I grew up in the era of the Cold War, the Vietnam War, the civil rights movement, and the space race. As a child, I experienced and was deeply affected by the assassinations of President John F. Kennedy, his brother Robert Kennedy, and Martin Luther King Jr., tragic events that I still vividly remember to this day.
The first 10 years of my childhood were spent during the decade of the ‘60s. Even after our great accomplishment of landing on the moon in 1969, the civil, social, and political unrest from that decade continued on unabated well into the ‘70s.
It seems as if there has always been prejudice and bigotry in American society, something we are hearing more and more about in current times. It can feel disheartening and even frightening, but I remain steadfastly optimistic that we can transcend prejudice.
I was born into a conservative, religious home. We were the typical white middle-class family of the era. Being raised in Salt Lake City in an overwhelmingly Mormon community did not afford me the opportunity to personally experience cultures other than my own. In fact, throughout most of the ‘60s, I don’t remember anyone in our neighborhood that wasn’t from a white, middle-class family like mine, and most of my neighbors were members of our church. While I was aware that there were a few kids in school who held other Christian beliefs (there were no people of color or religions other than Christianity), I stuck to “my own kind” as I was encouraged to do, so I did not experience human diversity of any kind.
Sometime in the late ‘60s, a black family moved into our neighborhood a few houses down from us. I remember being told by my mother (who was otherwise a very loving and kind woman) during Halloween that we weren’t allowed to go trick or treating at their home because “we don’t know what kind of people they are.”
It wasn’t until I was 22 that I was finally had the opportunity to spend time with another person who wasn’t white. At that time, I was married, struggling financially, and desperate to find work to support my family. I had decided to leave engineering school to find a job and enlist in the Army.
I was sent overnight to get the Army medical exam a few hours away. When I arrived at the motel and entered the room, I was greeted by a young black man who was to be my roommate. It felt like my stomach immediately went up into my throat and I almost turned around to leave. Just as that thought of “fleeing” out of fear reached my consciousness, a kind voice said “hello.” The young man then introduced himself, and we began to talk. He invited me to spend the evening with him and his friends, to which I said “yes.” I spent that evening as the only white person in the entire crowd of six or seven young people. While a little discomfort still remained as I was the “minority” in the group, I had a great time, and my view that they were “other” began to change.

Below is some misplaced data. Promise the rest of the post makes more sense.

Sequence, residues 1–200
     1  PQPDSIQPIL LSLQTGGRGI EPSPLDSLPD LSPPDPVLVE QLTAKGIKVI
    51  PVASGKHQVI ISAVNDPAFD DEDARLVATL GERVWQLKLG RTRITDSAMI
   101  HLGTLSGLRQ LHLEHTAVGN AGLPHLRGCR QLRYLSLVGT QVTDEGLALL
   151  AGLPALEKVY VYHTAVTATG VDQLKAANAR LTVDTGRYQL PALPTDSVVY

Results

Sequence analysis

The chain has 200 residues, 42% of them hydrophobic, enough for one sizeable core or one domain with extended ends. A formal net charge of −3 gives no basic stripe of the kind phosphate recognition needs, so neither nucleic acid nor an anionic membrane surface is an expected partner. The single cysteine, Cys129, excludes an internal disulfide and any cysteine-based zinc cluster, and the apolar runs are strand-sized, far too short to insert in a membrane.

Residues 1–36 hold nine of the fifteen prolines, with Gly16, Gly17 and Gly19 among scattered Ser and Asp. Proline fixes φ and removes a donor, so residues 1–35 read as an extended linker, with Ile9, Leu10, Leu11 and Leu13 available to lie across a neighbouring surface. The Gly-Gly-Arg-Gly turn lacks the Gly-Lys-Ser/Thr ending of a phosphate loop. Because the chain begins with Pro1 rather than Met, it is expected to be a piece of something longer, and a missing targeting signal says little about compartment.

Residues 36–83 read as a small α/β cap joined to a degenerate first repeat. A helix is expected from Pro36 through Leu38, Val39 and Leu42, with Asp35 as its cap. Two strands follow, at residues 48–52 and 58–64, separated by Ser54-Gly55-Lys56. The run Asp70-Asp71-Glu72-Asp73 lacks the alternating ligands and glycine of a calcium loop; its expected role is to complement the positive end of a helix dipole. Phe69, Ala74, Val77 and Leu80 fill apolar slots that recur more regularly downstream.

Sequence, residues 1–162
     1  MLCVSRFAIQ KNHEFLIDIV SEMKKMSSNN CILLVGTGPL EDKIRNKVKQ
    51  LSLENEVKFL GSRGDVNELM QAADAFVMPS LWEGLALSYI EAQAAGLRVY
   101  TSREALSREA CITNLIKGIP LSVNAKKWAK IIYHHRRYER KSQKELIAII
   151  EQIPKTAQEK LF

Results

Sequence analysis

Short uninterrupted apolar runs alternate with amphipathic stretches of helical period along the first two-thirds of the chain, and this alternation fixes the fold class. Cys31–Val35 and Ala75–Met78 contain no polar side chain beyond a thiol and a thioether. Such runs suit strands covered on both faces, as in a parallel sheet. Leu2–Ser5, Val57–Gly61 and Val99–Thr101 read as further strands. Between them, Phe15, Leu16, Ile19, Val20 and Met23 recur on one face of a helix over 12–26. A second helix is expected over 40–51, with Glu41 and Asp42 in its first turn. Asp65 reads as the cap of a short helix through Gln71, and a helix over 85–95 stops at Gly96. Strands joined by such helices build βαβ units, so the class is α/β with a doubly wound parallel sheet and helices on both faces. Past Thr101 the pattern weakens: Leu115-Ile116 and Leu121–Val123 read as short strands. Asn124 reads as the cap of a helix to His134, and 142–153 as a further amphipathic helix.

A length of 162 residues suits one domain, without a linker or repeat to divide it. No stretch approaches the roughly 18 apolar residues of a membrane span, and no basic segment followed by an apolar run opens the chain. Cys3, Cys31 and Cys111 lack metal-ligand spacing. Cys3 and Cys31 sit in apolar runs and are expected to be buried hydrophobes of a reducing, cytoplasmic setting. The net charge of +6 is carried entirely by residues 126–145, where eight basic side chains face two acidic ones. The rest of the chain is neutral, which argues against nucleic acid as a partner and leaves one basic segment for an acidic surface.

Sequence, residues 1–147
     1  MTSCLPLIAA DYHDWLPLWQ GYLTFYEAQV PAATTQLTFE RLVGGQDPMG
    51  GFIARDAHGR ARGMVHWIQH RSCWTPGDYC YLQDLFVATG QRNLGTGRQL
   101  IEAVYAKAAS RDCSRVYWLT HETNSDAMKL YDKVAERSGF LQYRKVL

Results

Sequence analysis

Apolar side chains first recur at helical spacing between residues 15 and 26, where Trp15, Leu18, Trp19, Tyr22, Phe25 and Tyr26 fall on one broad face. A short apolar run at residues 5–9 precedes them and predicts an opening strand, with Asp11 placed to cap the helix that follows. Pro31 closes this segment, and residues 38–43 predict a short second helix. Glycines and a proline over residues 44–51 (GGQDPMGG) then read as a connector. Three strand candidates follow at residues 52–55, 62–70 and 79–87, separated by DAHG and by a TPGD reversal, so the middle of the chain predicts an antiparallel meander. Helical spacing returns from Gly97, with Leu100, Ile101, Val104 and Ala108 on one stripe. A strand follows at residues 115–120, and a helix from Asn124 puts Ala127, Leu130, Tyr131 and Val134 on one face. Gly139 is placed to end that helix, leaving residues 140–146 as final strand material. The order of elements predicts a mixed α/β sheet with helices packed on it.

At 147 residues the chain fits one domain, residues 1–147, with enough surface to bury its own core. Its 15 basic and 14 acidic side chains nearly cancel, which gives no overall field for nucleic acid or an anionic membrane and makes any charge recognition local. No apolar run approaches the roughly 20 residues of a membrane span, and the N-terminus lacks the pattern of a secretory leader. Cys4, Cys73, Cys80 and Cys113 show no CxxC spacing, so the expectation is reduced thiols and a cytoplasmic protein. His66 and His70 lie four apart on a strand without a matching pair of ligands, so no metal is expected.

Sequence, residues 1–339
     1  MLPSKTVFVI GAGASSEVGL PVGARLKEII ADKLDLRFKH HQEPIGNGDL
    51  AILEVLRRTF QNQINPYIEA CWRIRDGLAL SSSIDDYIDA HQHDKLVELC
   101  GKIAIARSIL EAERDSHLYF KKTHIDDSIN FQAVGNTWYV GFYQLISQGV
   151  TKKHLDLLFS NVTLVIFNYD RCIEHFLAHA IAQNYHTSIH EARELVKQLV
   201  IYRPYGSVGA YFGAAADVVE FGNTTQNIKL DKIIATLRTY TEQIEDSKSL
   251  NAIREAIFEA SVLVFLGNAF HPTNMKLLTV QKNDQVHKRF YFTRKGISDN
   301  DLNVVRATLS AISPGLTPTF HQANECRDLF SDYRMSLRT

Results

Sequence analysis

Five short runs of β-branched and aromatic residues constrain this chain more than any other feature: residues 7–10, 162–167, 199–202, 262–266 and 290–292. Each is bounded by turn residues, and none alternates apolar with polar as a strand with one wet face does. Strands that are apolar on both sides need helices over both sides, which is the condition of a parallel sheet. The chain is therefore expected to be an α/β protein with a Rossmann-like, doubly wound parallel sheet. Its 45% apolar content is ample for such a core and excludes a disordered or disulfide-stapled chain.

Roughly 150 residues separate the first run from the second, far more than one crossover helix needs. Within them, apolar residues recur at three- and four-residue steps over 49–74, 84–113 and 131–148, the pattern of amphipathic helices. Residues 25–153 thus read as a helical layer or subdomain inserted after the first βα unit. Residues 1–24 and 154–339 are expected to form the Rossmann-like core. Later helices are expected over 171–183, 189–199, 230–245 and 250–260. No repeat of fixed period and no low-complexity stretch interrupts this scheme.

Since that first experience of human diversity, I have thankfully had many others. A few years afterward, I worked for a California tech company and was mentored in that job by another kind, professional man of color. Later, I was hired by an Israeli company, spent time in Israel, met refugees from Romania, and worked closely with expatriates from Israel.
After I left the religion of my youth, I moved to Northern California, eventually immersed myself in the Jewish culture, and worshiped next to many from all walks of life. It was at that time that I made the conscious decision to deeply examine and understand my fear of “others” first instilled in me by my mother’s words. That self-examination was personally and spiritually transformational and opened up a world of love, compassion, and acceptance for me. Just recently, as a member of the St. George Interfaith Council, I attended a dinner with our wonderful Muslim community and attended their Friday Jumma prayer at their gracious invitation.
I am humbled and very grateful to say that I no longer fear people who seem different than me because of their beliefs or outward appearance, no matter what form that may take.
As I’ve moved more fully into the work of a spiritual leader and social activist, I have come to realize that in order to begin to bridge the seeming “gap” between diverse groups of people, we first need to learn to let go of our fear. We need to be willing to step outside of our familiar surroundings and to become comfortable with being uncomfortable. We need to experience people of different races, cultures, religions, and beliefs, for only experience can transform prejudice. Only then can we truly begin to have compassion, understanding, and acceptance for all of our human brothers and sisters.
The next time you notice someone who is not like you, take notice and see if you can find the courage to offer a kind “hello.” If the opportunity presents itself for you to have a longer conversation, take the time to listen to them. Ask about their family, work, or views on life, and just listen. Even if you don’t agree or simply don’t understand, that’s okay. Your kindness and openness may brighten their day and very likely yours as well and will almost certainly contribute to the transformation and transcendence of any personal prejudices that either of you may have. That is what our world needs now more than ever. Blessings.